“If during their ef orts cof ee tasters find something in the taste that resists being said, that perhaps even resists being organized into their discourse, that is where they focus their at ention.”
The same is true with a particle of coffee. A whole bean of coffee has much smaller surface area-to-volume ratio than a ground-up bean. Thus, getting to the middle of an individual unit is easier with ground coffee. Now, exchange water for the fork in our example and the importance of grinding becomes apparent. In short, the smaller the particle size, the higher the number of solutes that will be extracted from the matrix.
If the main goal of brewing coffee is to achieve a high-quality cup, then any person brewing should strive for a uniform extraction of solutes from the grounds. To do this, each coffee unit should have the same surface area to volume ratio, that is, they should be the same size. If they aren’t, the bigger pieces will release fewer solutes than the smaller pieces. The pieces should be the same shape, too. Pieces of various shapes will interact with the water molecules differently, causing each unit to release inconsistent amounts of solutes during extraction.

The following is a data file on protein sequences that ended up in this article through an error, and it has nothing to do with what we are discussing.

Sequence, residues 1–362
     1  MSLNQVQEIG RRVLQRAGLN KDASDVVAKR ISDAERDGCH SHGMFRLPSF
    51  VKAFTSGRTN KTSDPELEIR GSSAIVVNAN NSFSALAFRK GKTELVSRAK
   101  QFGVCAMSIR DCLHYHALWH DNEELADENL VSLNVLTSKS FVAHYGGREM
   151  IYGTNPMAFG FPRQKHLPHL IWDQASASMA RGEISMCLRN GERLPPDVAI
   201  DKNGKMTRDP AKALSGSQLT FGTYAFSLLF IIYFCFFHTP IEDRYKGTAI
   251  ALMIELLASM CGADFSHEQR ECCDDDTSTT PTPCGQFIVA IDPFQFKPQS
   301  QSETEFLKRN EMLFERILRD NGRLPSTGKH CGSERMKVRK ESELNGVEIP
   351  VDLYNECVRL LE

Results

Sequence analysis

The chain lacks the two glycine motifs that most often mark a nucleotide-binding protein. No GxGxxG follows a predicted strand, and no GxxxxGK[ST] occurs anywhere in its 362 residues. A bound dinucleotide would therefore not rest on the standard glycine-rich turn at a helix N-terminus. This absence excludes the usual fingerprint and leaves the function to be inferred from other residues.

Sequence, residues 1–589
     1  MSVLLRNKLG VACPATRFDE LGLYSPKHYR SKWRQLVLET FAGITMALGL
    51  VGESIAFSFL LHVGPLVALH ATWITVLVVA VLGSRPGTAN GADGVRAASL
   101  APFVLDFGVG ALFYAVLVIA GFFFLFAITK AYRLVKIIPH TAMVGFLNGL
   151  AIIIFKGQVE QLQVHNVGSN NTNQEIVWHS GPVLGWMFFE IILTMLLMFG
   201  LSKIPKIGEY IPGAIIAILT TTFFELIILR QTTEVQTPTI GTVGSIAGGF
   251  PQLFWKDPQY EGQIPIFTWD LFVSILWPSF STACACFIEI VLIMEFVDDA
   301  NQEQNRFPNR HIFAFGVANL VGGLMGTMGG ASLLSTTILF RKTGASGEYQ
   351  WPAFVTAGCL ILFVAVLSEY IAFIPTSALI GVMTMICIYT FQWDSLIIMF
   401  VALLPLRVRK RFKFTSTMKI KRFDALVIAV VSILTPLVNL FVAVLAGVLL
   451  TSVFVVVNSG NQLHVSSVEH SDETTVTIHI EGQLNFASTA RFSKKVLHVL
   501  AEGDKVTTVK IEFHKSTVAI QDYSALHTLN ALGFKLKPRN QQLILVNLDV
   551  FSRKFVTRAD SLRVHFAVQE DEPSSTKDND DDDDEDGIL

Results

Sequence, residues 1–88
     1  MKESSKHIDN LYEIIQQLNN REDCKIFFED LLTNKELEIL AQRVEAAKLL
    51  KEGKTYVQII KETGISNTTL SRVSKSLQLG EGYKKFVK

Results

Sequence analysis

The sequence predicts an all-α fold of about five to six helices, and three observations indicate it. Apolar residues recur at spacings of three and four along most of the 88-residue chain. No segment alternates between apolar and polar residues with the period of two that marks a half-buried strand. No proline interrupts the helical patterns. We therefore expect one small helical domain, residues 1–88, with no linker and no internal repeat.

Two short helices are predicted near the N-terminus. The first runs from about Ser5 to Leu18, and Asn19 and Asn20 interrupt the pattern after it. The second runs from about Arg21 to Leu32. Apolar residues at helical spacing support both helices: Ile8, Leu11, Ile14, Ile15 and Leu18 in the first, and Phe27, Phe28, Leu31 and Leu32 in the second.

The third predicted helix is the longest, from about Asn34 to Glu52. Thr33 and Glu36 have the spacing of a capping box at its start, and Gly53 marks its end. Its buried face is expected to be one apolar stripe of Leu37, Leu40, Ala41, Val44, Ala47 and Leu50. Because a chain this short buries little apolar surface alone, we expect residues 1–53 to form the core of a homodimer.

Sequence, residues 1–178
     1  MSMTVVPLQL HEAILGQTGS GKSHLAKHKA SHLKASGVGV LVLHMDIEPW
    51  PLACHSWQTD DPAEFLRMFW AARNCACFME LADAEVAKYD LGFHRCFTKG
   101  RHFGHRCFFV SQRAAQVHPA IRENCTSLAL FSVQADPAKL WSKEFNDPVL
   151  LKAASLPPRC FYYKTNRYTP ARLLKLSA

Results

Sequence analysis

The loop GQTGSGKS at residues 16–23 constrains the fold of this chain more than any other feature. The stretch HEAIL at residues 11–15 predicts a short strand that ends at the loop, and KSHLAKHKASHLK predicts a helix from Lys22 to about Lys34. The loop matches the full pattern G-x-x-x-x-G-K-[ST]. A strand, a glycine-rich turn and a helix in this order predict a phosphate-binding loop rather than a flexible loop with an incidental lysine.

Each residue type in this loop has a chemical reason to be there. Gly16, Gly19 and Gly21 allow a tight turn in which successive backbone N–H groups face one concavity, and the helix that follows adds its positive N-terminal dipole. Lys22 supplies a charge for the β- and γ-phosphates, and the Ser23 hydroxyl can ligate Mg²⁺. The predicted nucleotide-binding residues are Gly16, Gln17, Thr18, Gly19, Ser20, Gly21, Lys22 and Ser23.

Determining the correct grind size for brewing is not simple. The grind size interacts with other variables we’re exploring here and, ultimately, all the parameters must be balanced to create the desired beverage. All other things being equal, the grind size does play its own role in the taste of the final beverage. In general, finer grinds can produce less acidity (though some will suggest increased sourness), more bitterness, and more body than coarser grinds.
For the best brew possible, your grounds should be as uniformly sized and shaped as possible. It will mean more consistency in how each piece interacts with the water molecules.
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